Plant researchers are an impatient lot. They are about to complete the first genetic sequence of a flowering plant, a wild mustard called Arabidopsis thaliana. But even before the last A's, C's, G's, and T's are deposited in GenBank, a group of plant scientists has hatched an ambitious plan for the next phase: figuring out the function of all 25,000 genes.
The 130-million-base-pair Arabidopsis genome is expected to be fully sequenced in July and published by year's end, 3 years ahead of schedule. Already, information gleaned from decoding this simple plant--the equivalent of the lab mouse--has made "a quantitative change" in research, says Carnegie Institution plant scientist Chris Somerville, whittling the time for isolating genes from years to weeks and thus speeding genetic discoveries ranging from more healthful soybean oil to a protein that may lead to faster growing crops.
Not content to rest on their laurels, Arabidopsis experts now want to determine what proteins are expressed by every single gene, each protein's job within the cell, and their biochemistry--a task that could take 10 years and cost $500 million. The 2010 Project, as it's called, was fleshed out at a January workshop at the Salk Institute for Biological Studies in La Jolla, California; it was recently released on the Web  and is also summarized in this month's issue of Plant Physiology. Proponents say the multinational project will shed light on a host of questions--from how gene expression in any species is influenced by environment to the minimum number of genes needed to make a plant.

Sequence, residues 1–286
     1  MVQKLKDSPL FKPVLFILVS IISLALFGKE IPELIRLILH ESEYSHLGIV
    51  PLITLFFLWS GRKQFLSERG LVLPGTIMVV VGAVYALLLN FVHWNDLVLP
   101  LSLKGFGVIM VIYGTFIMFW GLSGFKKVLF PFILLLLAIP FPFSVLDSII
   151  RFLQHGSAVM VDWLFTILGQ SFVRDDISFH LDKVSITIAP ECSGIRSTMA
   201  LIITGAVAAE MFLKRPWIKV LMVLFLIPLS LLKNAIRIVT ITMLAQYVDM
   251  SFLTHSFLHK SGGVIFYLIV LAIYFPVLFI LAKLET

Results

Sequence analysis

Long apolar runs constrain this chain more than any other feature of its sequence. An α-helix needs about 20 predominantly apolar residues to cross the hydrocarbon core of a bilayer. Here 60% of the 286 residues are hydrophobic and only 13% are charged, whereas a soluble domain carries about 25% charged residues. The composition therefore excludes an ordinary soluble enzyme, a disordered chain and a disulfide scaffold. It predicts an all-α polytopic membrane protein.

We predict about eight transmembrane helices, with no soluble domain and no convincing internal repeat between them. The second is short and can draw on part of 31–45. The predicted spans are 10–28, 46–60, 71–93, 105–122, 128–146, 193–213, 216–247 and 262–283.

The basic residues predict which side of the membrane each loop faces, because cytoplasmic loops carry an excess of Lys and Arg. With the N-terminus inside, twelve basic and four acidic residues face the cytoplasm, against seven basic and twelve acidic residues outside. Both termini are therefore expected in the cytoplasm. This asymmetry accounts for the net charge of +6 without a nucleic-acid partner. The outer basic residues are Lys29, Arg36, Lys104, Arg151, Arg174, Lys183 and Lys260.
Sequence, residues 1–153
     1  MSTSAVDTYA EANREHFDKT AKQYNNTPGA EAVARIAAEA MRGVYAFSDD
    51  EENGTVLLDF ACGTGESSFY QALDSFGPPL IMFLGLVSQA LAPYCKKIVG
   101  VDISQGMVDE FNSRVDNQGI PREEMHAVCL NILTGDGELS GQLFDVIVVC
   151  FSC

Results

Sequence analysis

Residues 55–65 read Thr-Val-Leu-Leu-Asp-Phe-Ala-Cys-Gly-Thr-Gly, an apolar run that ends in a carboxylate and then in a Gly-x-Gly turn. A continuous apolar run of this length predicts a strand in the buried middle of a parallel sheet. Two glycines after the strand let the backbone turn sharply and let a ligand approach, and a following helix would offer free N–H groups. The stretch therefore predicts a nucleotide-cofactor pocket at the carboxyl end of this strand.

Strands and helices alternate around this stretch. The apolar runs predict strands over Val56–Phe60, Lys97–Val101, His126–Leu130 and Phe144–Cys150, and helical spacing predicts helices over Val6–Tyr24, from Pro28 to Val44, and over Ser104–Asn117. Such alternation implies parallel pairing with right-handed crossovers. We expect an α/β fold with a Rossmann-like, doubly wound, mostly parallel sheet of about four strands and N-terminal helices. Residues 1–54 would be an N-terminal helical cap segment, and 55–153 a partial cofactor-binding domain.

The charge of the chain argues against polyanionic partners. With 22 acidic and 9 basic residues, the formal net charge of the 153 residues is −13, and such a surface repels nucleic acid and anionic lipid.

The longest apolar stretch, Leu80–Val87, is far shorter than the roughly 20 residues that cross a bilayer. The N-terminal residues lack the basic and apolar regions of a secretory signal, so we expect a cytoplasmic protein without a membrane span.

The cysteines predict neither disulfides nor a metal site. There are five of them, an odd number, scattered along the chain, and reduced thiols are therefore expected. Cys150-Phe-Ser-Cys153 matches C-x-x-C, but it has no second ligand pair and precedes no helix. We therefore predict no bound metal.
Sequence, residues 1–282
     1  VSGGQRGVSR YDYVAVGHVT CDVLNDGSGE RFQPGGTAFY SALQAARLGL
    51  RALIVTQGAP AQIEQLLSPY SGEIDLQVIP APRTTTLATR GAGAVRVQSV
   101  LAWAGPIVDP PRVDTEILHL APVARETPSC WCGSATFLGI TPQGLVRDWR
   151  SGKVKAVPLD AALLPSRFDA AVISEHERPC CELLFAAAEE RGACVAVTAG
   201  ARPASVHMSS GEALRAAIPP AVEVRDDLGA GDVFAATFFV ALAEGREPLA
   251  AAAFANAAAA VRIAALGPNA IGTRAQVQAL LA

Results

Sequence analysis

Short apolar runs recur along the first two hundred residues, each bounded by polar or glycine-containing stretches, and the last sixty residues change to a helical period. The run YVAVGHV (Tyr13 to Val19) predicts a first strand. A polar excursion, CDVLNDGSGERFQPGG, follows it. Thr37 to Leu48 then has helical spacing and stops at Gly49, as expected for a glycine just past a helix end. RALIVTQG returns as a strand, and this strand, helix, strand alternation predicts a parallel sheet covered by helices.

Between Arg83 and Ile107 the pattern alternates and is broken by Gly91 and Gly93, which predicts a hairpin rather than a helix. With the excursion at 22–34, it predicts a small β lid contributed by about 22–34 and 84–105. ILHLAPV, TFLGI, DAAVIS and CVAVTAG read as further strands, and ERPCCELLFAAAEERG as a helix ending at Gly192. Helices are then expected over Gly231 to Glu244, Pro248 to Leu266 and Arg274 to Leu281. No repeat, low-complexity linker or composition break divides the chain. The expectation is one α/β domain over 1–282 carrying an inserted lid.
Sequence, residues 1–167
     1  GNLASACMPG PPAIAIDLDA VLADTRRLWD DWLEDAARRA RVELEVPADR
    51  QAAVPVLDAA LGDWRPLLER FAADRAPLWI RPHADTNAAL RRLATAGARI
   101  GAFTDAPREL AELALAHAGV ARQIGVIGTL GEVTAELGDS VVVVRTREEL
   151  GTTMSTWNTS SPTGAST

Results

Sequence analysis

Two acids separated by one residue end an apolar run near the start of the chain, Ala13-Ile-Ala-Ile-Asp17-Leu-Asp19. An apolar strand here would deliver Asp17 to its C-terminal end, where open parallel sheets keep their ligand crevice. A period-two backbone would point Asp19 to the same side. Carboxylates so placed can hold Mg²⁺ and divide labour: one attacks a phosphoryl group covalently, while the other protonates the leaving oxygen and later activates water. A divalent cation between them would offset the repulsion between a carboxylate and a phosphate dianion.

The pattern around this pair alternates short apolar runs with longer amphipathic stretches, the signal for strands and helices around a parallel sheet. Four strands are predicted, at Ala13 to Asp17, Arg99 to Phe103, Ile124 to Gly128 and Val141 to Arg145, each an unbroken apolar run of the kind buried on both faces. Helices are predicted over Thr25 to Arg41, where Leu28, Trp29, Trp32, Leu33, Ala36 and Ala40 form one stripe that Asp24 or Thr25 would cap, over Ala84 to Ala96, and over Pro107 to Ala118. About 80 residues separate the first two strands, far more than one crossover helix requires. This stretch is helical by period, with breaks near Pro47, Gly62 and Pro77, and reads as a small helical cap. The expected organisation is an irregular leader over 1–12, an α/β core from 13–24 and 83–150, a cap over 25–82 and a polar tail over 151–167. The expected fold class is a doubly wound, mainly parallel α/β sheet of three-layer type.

The group's ultimate goal is to create a "virtual plant" on the Internet, where scientists can click on an Arabidopsis cell at any stage of development, from seed to seed-dropping adult, and see every protein being expressed and the connections between them. However, plan co-author Joe Ecker of the University of Pennsylvania in Philadelphia cautions that the 2010 Project will take them only partway there; for now, they will settle for knowing what all the individual proteins do.
That alone is an enormous job. The 2010 Project will first support "genome technology centers" that will supply the necessary tools, such as DNA chips for studying gene expression, libraries of cloned genes, and knockout strains. The project is likely to draw on the talents of labs already gearing up to do high-throughput functional genomics of the nematode C. elegans, fruit fly, and human. Firmly behind the proposal, the National Science Foundation has asked for $25 million for the 2010 Project for fiscal year 2001, an amount that Ecker hopes will grow or be supplemented by other agencies.